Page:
The Acid Test
Life's best lessons may come by surprise
by Mary Terzian
barely saw a yard away as I drove in the pouring rain to a writing class
at UCLA, half a century late. The tapes engraved on my left brain were
turned on full blast.
“What are you doing? Who do you think you are to write memoirs? At your
age you should be sitting by the fire, knitting.”
By the time I found parking, the building, and the room I was half an
hour late. I walked in, drenched to the bones, parading my defeat all
the way to the front corner of the class, the only seat available under
the professor's nose. No, she didn't have a big nose, nor was she the
literary giant I expected. She had a cute face and a tiny frame lost underneath
a jungle of hair. She was like a spring ready to pop loose from her high
chair any minute, nothing like your run-of-the-mill, be-spectacled, age-old,
erudite professors who sport their white beards as proof of their wisdom.
She had a sharp wit though.
“What's your name?” she asked and
made a point to account for my presence.
I looked around. What was I doing among these kids? The bright 20-year
old on the first row particularly unnerved me. I could be her grandma!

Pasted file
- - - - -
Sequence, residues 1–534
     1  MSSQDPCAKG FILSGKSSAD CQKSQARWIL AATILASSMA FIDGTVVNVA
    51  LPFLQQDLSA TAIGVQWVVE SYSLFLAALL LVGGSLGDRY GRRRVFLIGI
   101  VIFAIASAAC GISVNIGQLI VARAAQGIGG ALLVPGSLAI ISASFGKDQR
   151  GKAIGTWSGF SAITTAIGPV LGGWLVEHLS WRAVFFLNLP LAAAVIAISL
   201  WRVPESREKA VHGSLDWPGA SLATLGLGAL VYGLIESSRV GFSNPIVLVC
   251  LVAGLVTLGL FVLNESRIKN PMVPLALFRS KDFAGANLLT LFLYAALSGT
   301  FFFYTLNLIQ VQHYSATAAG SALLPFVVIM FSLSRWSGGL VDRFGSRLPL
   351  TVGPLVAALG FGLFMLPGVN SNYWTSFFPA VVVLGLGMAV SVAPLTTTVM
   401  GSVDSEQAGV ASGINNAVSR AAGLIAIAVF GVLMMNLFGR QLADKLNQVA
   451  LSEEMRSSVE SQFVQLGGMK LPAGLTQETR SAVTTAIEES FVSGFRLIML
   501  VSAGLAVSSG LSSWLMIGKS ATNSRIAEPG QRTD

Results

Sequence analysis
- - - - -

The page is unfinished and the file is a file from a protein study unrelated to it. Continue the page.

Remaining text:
The professor rambled on for a while. All I could hear was what
to put in, what to leave out. Easy to say. These young adults had
not lived yet. I had a whole lifetime to squeeze into 300 pages. The recount
of any five-year period in my life span would be longer than that.
Before I put you to sleep let's have some fun, she roared
to the class. Get your pens and paper ready.
Everybody's interest was piqued.
We're going to have a fun exercise for ten minutes. She
held up a brown bag for all of us to see. I will pass this bag around.
Don't look in it but grab an item and write about it from your stream
of consciousness, whatever it reminds you of. This is just a warm-up exercise
to stretch your memory. Don't expect a masterpiece and don't edit please,
let it flow. Nobody is going to read it except you. Wait till everybody
has picked an item.
One by one we drew something: a comb, a logo, a key
. a lemon!
Does everybody have an item? OK! Start!
What could be exciting about my item? I pondered for a while. As time
went by, under the teacher's raised eyebrows, I became nervous. Was she
considering me a failure already? A senior! What is she doing
here occupying valuable space? If she starts her memoirs now when will
she finish? I banned those negative thoughts from my mind for
a more productive exercise:
I picked out a lemon, I wrote, What else! This is
the story of my life. I always end up with lemons.
When I was young I loved sucking on lemons. I dipped them in salt to further
enjoy their acidity. I wish I had not. Those lemons predicted the future
course of my life.